“Where are you going in such a hurry traveler?”
But hardly anybody’s travelling these days Spice you say.
Ah, but we are all, always travelling.
Tomorrow, November 2, is El Día de los Muertos, (“The Day of the Dead”), when family and friends honour the departed by telling funny stories from their lives, holding parties with their loved ones’ favourite food, music, poetry, art and flowers, and travelling to their gravesites or shrines. It’s a party to call up the souls of our beloved departed that live eternally in our heart—a party to assuage, even laugh at our own fear of dying.
Although Magellan and I don’t celebrate El Día de los Muertos, we sort of did one October Sunday in Évora, Portugal.
Entering Capela dos Ossos—a spectacular (some might say macabre) display of the shortness of life and the inevitability of death—we were greeted by a rhyme on the lintel above the arched chapel door. Nós ossos que aqui estamos, pelos vossos esperamos, (“We bones, are here, waiting for yours.”)
Waiting, oh yes indeed. Plastered into the walls in the empyreal space of the Chapel of Bones are more than 5,000 skulls staring back ay you, blankly. Skulls, femur bones, knucklebones and craniums artfully arranged floor-to-ceiling on the walls of the three knaves and all eight pillars. A disembodied space of floating body spirits.
The Chapel of Bones lies on the site of the dorm and reflecting room of the three Franciscan monks who founded the Igreja de Sao Francisco in the 13th century. The skulls of the monks don’t gaze down upon you; they’re encased in a small white coffin by the altar.
Heightening the theme (and what I found grotesque) are two partially skeletal, partially mummified bodies of a woman and a girl, like marionettes. It’s believed the woman died between the ages of 30 and 50, probably from a tooth infection, while the girl was just two or three years old.
The rib-vaulted ceiling is painted with small scenes accompanied by Latin phrases such as “I leave, but I don’t die.” Bricks plastered in white are painted with motives symbolising death along with religious statues and paintings in Renaissance and Baroque styles.
While the church was founded in the 13th century, the Chapel of Bones came centuries later.
In the 16th century under the reign of King Manuel when Portugal controlled India, China, Persia, Brazil and Ethiopia, Évora was noted for its wealth. The city’s more than 40 medieval cemeteries were overcrowded and thought to be occupying too much space. It was the Franciscan monks who came up with the solution of exhuming the bodies from these cemeteries, the de-fleshed bones of people from all walks of life, and cementing them into an ossuary. Exhibiting naked bones—called Morte Secca (“Dry Death”) was in tandem with the Counter-Reformation belief that placing bones in chapels brought the departed souls closed to god. Awaiting placement in the Chapel, the exhumed bones rested in the gardens of Igreja de Sao Francisco, where (as you can see) many of them were scribbled with graffiti by vandals.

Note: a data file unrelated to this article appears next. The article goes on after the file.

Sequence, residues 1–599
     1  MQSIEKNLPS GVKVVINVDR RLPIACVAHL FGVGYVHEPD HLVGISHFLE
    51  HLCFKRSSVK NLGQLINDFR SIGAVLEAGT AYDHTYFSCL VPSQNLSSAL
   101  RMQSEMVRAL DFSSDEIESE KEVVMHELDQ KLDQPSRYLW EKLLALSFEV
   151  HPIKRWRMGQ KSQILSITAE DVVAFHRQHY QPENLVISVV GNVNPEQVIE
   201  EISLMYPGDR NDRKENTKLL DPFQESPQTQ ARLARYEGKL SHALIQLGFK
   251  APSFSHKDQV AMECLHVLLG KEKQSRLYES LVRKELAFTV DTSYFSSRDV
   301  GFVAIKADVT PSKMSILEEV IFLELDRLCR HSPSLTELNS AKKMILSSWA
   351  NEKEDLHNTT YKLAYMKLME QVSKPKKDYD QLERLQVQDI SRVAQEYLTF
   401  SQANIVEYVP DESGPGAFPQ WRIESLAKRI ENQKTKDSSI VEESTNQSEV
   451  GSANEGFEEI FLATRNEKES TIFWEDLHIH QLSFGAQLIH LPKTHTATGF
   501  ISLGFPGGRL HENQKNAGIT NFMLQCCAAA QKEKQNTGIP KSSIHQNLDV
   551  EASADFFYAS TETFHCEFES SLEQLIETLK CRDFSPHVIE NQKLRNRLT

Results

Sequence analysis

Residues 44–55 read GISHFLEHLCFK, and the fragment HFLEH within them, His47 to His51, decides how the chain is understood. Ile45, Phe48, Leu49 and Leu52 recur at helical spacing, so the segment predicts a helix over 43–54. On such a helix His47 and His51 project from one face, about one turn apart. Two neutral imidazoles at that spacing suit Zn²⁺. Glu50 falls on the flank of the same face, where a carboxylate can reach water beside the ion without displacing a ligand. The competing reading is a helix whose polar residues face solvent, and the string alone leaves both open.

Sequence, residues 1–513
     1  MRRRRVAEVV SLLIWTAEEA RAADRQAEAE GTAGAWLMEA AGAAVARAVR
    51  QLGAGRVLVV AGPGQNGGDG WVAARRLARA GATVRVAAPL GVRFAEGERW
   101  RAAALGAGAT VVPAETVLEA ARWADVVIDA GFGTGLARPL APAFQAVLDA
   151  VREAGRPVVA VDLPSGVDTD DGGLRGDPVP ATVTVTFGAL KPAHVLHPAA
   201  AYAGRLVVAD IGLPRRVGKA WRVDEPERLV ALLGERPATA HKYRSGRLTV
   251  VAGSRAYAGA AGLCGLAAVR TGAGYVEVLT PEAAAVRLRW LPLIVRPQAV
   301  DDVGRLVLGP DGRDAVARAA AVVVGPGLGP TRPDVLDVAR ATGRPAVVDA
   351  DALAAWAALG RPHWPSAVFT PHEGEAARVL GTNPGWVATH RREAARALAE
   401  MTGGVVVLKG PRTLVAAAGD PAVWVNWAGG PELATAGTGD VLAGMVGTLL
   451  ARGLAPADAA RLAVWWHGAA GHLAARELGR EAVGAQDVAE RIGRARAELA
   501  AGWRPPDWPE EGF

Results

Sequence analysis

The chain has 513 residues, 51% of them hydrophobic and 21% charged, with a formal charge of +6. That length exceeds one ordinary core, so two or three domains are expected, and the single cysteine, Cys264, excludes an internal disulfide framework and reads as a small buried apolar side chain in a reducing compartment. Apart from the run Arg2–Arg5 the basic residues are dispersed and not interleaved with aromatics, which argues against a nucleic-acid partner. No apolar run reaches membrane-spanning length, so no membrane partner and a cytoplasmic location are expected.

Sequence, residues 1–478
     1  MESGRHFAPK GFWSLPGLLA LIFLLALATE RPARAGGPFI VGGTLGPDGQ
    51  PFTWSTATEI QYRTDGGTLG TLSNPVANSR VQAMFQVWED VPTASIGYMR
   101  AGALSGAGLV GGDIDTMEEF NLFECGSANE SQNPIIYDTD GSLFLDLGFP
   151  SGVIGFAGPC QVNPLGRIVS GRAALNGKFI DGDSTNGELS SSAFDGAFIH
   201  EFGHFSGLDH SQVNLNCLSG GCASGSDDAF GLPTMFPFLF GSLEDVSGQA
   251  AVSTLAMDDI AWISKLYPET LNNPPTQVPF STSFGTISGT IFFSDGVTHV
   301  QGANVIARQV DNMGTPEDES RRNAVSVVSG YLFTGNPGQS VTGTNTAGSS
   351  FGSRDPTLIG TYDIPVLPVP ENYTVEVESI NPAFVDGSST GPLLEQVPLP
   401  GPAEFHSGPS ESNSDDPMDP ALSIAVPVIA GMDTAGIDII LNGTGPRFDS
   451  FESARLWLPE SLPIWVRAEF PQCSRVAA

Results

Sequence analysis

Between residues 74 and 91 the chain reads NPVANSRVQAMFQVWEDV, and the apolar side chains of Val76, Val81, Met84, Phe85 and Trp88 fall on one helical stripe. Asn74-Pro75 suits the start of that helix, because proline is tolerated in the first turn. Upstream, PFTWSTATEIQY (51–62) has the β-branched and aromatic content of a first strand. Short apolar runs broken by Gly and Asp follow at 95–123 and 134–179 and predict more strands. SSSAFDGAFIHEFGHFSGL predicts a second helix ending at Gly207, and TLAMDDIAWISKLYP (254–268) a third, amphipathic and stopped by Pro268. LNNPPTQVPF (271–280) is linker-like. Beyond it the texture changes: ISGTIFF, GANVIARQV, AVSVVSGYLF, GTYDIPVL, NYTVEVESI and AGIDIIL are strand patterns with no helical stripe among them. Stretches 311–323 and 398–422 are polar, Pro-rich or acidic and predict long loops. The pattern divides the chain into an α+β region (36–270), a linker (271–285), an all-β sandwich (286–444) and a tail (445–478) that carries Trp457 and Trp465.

Did we find it morbid? Thought-provoking? Funny? Yes to all three. How we wished we could understand what the other visitors to the Chapel of Bones were saying. But judging from their body language, their reactions mirrored ours. In the 21stcentury the superstitions of medieval times have given way to ubiquitous modern depictions of skulls in art, jewelry, clothing, umbrellas, party lights, ad infinitum, to the point where skulls have lost much of their fearsome meaning. Almost.
On a pillar inside the chapel hangs a poem by Father António da Ascenção Telese from the 1840s that has been translated by Friar Carlos A. Martins. The poem clarifies the purpose of the Chapel of Bones—the transience of life in the undeniable presence of death:
Where are you going in such a hurry traveler?
Stop … do not proceed;
You have no greater concern,
Than this one: that on which you focus your sight.
Recall how many have passed from this world,
Reflect on your similar end,
There is good reason to reflect
If only all did the same.
Ponder, you so influenced by fate,
Among the many concerns of the world,
So little do you reflect on death;
If by chance you glance at this place,
Stop … for the sake of your journey,
The more you pause, the further on your journey you will be.
And where best to pause after such a sobering visit? Magellan and I chose the Travessa da Caraca bar on Balcao Street. A man on a bike lingered, oddly, watching us enjoy our G&Ts, like us in no hurry to travel on to the next pause in life’s journey.
Here’s a good site for more on The Chapel of Bones.
Examples of skulls in art abound on Pinterest.